Ct.App. 3 C054185 San Joaquin County Super. Ct. No. CV028612. Court: Superior County: San Joaquin Judge: Carter P. Holly.
The opinion of the court was delivered by: Kennard, J.
(this opinion should precede the companion case, S151615, also filed 6/29/09)
We hold that an employee who, on behalf of himself and other employees, sues an employer under the unfair competition law (Bus. & Prof. Code, § 17200 et seq.) for Labor Code violations must satisfy class action requirements, but that those requirements need not be met when an employee's representative action against an employer is seeking civil penalties under the Labor Code Private Attorneys General Act of 2004 (Lab. Code, § 2698 et seq.).
Jose A. Arias sued his former employer, Angelo Dairy, and others. In the first through sixth causes of action of the First Amended Complaint, plaintiff on behalf of himself alleged violations of the Labor Code, labor regulations, and an Industrial Welfare Commission wage order.
In the seventh through eleventh causes of action of the first amended complaint, plaintiff asserted claims on behalf of himself as well as other current and former employees of defendants. We summarize those causes of action below.
The seventh and eighth causes of action alleged breach of contract and breach of the warranty of habitability on the ground that defendants provided residential units in a defective and dangerous condition.
The ninth cause of action alleged violations of the unfair competition law (Bus. & Prof. Code, § 17200 et seq.), based on defendants' failures to credit plaintiff for all hours worked, to pay overtime wages, to pay wages when due, to pay wages due upon termination, to provide rest and meal periods, and to obtain written authorization for deducting or offsetting wages.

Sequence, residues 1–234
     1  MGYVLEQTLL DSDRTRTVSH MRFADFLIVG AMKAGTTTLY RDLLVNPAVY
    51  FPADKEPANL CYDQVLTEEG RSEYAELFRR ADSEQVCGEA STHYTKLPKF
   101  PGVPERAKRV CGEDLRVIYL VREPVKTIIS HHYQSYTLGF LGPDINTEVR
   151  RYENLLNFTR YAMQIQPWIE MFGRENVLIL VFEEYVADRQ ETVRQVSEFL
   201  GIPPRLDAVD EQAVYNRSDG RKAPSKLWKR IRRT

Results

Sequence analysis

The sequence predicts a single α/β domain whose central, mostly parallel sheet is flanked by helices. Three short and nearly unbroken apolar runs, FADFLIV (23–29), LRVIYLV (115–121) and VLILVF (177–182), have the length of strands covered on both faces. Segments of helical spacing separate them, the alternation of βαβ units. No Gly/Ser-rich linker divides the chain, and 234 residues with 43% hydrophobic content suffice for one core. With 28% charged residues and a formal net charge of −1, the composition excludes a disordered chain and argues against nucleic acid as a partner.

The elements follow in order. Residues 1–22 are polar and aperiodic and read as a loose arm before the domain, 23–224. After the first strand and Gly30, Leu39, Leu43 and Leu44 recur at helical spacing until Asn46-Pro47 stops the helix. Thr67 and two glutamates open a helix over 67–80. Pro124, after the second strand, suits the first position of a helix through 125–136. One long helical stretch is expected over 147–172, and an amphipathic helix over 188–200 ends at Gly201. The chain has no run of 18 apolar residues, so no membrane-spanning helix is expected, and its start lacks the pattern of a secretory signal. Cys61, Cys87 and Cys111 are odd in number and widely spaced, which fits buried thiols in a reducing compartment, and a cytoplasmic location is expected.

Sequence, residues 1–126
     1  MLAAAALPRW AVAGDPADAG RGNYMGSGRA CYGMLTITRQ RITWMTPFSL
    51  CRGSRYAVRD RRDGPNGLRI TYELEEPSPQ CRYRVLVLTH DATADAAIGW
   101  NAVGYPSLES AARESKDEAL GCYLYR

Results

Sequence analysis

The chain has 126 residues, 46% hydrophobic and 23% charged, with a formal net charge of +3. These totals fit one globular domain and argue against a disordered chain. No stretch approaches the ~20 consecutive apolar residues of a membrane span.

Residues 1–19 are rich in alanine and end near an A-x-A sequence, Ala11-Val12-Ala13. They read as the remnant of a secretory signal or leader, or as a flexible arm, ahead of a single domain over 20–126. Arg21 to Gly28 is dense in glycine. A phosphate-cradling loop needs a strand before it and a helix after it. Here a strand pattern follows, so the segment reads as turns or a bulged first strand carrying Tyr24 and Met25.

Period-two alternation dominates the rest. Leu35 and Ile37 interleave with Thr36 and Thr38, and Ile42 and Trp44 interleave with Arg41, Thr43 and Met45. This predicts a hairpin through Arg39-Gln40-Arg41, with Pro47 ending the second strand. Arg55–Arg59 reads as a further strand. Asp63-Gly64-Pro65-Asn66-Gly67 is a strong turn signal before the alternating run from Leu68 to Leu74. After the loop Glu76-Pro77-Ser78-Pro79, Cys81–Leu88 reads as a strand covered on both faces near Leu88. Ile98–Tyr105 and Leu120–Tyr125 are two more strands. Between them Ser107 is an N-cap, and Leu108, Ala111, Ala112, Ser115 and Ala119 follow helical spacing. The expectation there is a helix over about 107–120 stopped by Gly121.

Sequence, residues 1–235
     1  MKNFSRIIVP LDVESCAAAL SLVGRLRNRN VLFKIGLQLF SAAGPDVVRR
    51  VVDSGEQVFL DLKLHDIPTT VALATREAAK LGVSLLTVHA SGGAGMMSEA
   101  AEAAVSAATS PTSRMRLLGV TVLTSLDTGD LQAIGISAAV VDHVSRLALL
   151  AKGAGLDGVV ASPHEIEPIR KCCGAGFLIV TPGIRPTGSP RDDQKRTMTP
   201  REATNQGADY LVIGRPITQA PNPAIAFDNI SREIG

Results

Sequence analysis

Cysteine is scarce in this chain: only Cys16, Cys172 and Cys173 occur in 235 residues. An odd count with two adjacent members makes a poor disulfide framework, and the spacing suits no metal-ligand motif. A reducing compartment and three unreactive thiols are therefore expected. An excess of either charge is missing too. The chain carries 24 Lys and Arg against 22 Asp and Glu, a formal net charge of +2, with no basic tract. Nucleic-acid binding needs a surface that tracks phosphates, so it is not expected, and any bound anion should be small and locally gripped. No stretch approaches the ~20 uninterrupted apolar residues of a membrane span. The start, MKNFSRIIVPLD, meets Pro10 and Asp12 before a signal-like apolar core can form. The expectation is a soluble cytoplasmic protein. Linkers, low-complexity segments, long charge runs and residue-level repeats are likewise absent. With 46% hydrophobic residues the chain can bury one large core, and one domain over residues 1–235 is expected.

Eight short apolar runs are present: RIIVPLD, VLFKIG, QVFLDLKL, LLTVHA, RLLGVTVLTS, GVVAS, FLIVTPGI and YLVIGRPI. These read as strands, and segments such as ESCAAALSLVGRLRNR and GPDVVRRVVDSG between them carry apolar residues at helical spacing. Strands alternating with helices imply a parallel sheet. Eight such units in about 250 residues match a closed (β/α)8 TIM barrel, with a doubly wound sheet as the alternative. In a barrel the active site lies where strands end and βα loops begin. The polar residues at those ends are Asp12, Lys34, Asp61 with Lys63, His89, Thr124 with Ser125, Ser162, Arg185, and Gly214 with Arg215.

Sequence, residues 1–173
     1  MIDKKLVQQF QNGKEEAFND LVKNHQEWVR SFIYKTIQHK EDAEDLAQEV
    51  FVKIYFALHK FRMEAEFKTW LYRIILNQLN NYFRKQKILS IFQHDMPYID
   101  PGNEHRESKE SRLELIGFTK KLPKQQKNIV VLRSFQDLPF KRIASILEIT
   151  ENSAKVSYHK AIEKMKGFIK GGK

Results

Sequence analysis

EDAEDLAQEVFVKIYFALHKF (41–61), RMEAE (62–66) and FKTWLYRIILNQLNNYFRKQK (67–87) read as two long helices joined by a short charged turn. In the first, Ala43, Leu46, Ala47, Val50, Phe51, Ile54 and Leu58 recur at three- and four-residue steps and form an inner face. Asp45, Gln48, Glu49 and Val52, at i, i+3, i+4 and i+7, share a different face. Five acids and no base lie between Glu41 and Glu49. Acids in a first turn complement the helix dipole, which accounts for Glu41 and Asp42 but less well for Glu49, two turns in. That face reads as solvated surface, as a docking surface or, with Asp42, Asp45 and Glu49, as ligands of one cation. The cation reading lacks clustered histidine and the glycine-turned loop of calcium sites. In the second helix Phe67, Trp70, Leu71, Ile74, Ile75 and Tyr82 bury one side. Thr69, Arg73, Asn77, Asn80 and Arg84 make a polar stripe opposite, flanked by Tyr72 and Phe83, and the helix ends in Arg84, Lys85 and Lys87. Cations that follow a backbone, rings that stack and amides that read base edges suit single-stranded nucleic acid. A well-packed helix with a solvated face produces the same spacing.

The tenth cause of action sought enforcement under the unfair competition law (Bus. & Prof. Code, § 17200 et seq.)*fn1 of penalties provided for in the Labor Code (Lab. Code, §§ 203, 226).
The eleventh cause of action alleged, under the Labor Code Private Attorneys General Act of 2004 (Lab. Code, § 2698 et seq.), that defendants had violated the Labor Code, labor regulations, and an Industrial Welfare Commission wage order by failing to pay all wages due, to provide itemized wage statements, to maintain adequate payroll records, to pay all wages due upon termination, to provide rest and meal periods, to offset proper amounts for employer-provided housing, and to provide necessary tools and equipment.
The trial court granted defendants' motion to strike the seventh through eleventh causes of action (brought on behalf of plaintiff and other employees) on the ground that plaintiff failed to comply with the pleading requirements for class actions. Plaintiff petitioned the Court of Appeal for a writ of mandate. That court held that the causes of action brought in a representative capacity alleging violations of the unfair competition law, but not the representative claims under the Labor Code Private Attorneys General Act of 2004, were subject to class action requirements. It issued a peremptory writ of mandate directing the trial court to issue a new order striking the representative claims alleged in the seventh through tenth causes of action, but not the eleventh cause of action. We granted plaintiff's petition for review.
Plaintiff contends the Court of Appeal erred in holding that to bring representative claims (that is, claims on behalf of others as well as himself) under the unfair competition law, he must comply with class action requirements.*fn2 We disagree.
The unfair competition law prohibits ―any unlawful, unfair or fraudulent business act or practice . . . .‖ (§ 17200.) Before 2004, any person could assert representative claims under the unfair competition law to obtain restitution or injunctive relief against unfair or unlawful business practices. Such claims did not have to be brought as a class action, and a plaintiff had standing to sue even without having personally suffered any injury. (Former §§ 17203, 17204, added by Stats. 1977, ch. 299, § 1, p. 1202; Kraus v. Trinity Management Services, Inc., supra, 23 Cal.4th at p. 126, fn. 10; Stop Youth Addiction, Inc. v. Lucky Stores, Inc. (1998) 17 Cal.4th 553, 561; see Corbett v. Superior Court (2002) 101 Cal.App.4th 649, 680-681.)